MASSENA — Coffee not only helps open the eyes in the morning. It also helps win art competitions.

A piece submitted by Massena Central High School sophomore Ella Matejcik, penciled from a photograph of her dog and then colored with coffee, was the winner of this year’s 21st District Congressional Art Competition.

“It’s unreal. I did not think it was going to win,” Ms. Matejcik said.

The nationwide high school arts competition is sponsored each spring by the members of the U.S. House of Representatives. The Congressional Art Competition is an opportunity to recognize and encourage the artistic talent in the nation, as well as in each congressional district. It’s open to all students from seventh to 12th grades in the 21st District.

The piece was created during one of teacher Chad Simpson’s art classes.

“The class she’s in is a lot less structured. She’s in an advanced class, so they get the opportunity to try different things,” Mr. Simpson said.

He said that because it’s a small group, it’s easier to teach students individually.

“I think I encouraged them to try coffee,” he said.

And that’s exactly what Ms. Matejcik did. Using the diluted coffee like a watercolor with different hues, she transformed a photograph into a sketch and then a winning piece of coffee art.

“It’s a picture of my dog that my dad had taken,” she said.

Little did she know that the work impressed Mr. Simpson so much that he decided to enter it into the Congressional Art Competition. He said nearly 500 pieces of art are submitted nationally.

“For each district in Congress, the congressperson opens it up. It says anybody in the region can send in artwork. One piece is selected for each region,” he said. “It was a strong piece. In the past it’s typically juniors and seniors that we send out.”

“I didn’t know until he told me he was going to send it in,” Ms. Matejcik said.

The winning piece was selected by Rep. Elise M. Stefanik, R-Willsboro.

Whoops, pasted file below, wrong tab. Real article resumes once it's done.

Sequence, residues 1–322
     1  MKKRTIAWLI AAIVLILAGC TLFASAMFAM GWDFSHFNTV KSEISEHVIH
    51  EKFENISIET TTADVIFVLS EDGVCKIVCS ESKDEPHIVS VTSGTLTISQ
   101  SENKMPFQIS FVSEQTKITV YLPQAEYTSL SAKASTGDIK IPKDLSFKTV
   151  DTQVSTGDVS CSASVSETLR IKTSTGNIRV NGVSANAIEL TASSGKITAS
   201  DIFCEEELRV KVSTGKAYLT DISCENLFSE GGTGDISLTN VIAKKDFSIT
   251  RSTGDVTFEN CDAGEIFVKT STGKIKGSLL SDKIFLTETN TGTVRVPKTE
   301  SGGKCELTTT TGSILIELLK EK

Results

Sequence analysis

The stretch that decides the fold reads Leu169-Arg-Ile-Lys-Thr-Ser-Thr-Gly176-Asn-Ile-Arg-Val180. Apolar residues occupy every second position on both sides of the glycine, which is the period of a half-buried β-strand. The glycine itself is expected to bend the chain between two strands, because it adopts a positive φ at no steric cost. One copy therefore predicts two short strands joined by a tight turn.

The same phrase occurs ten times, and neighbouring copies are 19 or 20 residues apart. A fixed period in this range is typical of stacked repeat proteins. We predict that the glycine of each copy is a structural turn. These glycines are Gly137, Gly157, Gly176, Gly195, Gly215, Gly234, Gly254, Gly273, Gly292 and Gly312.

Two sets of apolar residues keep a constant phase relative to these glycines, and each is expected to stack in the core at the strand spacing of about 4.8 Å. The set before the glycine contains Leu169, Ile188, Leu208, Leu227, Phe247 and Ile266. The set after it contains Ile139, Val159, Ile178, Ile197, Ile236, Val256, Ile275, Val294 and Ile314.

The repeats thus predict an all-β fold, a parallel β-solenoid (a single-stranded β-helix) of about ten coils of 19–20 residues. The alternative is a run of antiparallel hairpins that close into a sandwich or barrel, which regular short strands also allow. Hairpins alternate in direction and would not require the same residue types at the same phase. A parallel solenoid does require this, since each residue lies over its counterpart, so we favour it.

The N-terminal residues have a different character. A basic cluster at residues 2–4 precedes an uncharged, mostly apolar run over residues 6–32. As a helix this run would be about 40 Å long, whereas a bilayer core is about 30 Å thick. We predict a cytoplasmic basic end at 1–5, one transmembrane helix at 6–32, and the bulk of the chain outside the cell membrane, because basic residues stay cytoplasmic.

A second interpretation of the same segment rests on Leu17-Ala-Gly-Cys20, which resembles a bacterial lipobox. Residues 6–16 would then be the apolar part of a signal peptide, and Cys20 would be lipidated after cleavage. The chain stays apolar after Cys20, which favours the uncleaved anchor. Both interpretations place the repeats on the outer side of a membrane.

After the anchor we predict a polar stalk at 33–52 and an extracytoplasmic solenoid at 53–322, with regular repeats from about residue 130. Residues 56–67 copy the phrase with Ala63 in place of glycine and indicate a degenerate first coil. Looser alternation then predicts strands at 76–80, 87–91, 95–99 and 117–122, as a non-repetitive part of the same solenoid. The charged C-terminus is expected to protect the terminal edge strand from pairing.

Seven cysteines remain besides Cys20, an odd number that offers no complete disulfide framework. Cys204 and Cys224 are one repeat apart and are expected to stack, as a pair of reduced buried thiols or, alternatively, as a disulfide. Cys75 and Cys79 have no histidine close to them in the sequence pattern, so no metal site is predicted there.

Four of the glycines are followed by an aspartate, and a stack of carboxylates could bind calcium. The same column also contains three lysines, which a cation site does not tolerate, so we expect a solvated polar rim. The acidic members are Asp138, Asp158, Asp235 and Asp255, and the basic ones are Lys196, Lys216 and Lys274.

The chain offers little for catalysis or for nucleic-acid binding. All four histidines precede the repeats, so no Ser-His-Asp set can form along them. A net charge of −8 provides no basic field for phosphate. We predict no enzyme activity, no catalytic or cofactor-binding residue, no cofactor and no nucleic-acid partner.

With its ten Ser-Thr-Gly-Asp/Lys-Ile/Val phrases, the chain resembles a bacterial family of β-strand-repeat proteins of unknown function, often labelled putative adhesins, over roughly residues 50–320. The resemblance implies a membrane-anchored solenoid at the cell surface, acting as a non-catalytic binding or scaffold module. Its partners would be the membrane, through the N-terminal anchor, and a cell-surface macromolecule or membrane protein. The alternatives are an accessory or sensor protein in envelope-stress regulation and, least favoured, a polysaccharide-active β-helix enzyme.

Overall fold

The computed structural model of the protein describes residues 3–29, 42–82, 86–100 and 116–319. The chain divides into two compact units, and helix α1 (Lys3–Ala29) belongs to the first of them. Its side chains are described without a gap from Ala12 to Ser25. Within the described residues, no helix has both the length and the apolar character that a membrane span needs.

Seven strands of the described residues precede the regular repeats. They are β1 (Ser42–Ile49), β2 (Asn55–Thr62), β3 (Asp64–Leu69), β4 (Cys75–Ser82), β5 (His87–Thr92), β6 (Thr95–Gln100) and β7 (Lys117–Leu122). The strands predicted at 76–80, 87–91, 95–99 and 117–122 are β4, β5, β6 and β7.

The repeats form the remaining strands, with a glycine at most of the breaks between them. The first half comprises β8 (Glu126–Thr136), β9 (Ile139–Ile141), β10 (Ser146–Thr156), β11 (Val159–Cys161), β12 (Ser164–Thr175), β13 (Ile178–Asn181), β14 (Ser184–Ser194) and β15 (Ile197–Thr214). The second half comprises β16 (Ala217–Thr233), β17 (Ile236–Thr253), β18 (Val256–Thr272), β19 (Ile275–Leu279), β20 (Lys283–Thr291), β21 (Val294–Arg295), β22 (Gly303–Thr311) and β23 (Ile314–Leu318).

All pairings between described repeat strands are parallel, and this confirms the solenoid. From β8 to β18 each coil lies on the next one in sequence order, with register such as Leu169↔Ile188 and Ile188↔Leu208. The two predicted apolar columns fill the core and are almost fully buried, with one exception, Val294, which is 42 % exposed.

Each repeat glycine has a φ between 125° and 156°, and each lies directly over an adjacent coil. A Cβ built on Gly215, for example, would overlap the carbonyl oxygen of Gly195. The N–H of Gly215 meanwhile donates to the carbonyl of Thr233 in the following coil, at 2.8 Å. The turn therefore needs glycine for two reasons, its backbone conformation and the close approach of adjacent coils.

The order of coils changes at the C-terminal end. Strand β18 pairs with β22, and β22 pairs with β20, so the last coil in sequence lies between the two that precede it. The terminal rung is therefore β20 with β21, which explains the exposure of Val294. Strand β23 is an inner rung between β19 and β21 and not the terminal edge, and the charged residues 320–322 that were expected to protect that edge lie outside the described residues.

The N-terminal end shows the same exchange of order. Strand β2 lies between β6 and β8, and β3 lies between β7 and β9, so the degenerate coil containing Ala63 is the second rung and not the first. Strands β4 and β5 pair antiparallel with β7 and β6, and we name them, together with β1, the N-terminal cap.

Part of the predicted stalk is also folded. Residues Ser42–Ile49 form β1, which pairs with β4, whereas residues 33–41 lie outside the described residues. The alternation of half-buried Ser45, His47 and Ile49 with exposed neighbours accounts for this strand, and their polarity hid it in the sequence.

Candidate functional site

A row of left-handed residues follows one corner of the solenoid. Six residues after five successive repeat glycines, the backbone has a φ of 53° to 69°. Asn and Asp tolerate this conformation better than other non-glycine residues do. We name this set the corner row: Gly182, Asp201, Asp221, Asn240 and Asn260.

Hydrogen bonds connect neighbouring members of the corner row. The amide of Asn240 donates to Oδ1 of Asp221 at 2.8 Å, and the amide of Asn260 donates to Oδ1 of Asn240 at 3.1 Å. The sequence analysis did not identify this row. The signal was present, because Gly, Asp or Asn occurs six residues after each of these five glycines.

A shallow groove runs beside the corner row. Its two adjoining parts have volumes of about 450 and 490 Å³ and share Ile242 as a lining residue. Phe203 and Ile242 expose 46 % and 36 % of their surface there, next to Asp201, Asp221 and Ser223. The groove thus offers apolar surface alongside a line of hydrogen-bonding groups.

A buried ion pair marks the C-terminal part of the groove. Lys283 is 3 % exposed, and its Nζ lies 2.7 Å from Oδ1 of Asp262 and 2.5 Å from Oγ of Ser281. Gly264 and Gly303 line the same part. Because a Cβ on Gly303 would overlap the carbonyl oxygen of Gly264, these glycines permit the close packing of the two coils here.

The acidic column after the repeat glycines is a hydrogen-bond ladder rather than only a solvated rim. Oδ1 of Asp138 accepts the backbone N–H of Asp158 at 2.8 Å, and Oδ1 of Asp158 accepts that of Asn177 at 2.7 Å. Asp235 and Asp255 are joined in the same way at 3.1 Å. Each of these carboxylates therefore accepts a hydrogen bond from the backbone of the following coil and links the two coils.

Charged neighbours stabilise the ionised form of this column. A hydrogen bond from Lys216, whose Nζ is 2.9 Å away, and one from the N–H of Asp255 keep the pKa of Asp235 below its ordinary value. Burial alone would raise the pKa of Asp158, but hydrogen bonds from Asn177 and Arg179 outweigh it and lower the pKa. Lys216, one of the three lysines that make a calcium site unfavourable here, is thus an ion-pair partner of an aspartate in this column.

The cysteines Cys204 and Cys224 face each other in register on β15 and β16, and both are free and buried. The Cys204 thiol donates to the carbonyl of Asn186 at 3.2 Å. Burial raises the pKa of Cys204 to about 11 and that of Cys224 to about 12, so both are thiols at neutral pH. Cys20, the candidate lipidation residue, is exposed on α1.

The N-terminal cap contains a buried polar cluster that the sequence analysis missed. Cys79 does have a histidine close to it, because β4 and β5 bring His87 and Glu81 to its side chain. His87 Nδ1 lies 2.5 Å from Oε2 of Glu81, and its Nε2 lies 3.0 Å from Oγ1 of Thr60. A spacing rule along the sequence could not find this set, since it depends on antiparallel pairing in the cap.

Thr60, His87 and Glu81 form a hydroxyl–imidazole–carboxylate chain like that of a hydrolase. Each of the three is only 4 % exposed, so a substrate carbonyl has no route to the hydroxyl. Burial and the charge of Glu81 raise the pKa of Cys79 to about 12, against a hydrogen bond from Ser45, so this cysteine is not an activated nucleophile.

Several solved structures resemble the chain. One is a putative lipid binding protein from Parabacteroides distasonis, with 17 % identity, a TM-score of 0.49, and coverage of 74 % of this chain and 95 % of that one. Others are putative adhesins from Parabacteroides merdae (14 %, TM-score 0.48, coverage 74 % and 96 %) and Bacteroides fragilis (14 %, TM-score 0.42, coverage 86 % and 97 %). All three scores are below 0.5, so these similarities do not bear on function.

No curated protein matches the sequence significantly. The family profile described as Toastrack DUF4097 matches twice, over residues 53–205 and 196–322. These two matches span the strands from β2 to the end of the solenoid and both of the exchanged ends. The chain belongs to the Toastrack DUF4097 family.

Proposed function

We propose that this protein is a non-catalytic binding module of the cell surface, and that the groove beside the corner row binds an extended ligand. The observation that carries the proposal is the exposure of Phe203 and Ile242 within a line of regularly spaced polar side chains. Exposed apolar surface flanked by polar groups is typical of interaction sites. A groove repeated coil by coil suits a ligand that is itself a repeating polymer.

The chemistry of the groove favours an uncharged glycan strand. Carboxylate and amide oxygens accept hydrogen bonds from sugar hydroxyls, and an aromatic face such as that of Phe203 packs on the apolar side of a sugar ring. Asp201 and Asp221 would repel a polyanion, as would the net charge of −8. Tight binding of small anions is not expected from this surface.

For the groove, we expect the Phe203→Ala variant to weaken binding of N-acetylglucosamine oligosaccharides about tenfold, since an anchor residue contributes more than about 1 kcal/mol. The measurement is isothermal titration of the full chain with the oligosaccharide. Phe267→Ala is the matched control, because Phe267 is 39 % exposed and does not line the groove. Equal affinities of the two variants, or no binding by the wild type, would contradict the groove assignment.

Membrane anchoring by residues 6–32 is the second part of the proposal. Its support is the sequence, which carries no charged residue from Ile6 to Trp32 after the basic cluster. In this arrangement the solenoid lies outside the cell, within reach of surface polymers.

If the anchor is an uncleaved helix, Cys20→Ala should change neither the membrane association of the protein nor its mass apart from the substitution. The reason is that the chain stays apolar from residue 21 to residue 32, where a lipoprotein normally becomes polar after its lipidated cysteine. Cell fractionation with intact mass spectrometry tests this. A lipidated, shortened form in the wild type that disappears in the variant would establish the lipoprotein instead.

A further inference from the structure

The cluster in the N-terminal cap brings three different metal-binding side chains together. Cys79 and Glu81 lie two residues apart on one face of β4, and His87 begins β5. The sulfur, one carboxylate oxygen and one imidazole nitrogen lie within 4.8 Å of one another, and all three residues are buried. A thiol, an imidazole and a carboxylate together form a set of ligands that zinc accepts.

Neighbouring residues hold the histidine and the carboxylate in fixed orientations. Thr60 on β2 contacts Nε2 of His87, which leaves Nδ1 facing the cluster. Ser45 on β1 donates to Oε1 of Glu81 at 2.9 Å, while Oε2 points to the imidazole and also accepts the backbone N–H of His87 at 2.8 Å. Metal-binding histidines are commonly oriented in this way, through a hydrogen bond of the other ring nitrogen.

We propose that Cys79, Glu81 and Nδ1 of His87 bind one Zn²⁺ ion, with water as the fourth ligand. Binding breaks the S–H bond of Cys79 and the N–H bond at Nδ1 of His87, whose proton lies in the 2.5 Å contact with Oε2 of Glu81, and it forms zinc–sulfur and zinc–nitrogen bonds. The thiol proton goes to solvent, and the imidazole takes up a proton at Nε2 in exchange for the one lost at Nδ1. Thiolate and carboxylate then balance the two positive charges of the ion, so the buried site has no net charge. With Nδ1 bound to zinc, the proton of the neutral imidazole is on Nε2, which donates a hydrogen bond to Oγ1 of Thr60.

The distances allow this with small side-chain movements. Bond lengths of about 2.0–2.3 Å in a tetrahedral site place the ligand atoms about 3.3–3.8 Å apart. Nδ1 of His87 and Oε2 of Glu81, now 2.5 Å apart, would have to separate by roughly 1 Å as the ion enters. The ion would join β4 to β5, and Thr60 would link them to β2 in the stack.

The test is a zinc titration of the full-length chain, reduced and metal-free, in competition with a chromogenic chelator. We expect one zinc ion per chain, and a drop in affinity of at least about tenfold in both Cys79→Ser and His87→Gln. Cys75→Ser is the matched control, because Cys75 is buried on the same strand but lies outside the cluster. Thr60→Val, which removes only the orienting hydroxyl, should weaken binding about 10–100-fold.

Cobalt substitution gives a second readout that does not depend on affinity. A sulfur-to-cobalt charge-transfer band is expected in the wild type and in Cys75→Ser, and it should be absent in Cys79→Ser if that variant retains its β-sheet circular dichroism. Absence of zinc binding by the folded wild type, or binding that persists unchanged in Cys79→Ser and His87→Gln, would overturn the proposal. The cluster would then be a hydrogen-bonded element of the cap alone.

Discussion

“I had to take it in person to one of her regional offices. I delivered it personally to Ogdensburg. Elise gathered it up from all of her other offices,” Mr. Simpson said.

As the winner, Ms. Matejcik said she had an opportunity to speak over the phone with the congresswoman about the art.

“She was just asking me about how I used the coffee and how I got the pieces. She was just blown away that it was made with coffee,” she said.

Her work, which measures 16 inches by 22 inches, will now be displayed for one year at the U.S. Capitol for everyone to see. Millions of visitors to the Capitol view this exhibit each year.

“With my Regents exams, I’m not going to be able to make it for the reception. There is a chance for me to go and see it (this summer),” Ms. Matejcik said.

Mr. Simpson said it’s quite an honor for someone who is just now getting into art. He said Ms. Matejcik was also an honorable mention winner at a Scholastics art competition, “which is a real big one for all of New York state.”

“As a kid, I would draw pictures just for fun or color pictures,” Ms. Matejcik said. “In junior high I barely got to take an art class. I really didn’t start doing actual art until last year when I was in art class.”

“She’s just getting started,” Mr. Simpson said. “She’s only a sophomore. I figure with the accolades now, she’ll stick around.”

Ms. Matejcik already has other projects she’s working on.

“I like drawing in pencil. I usually just take a lot of pictures, so I’ll find something in my camera. I drew a picture of my uncle and his fiancee for their wedding. I’m drawing one of my uncle’s friend’s dogs for them right now,” she said.

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Johnson Newspapers 7.1

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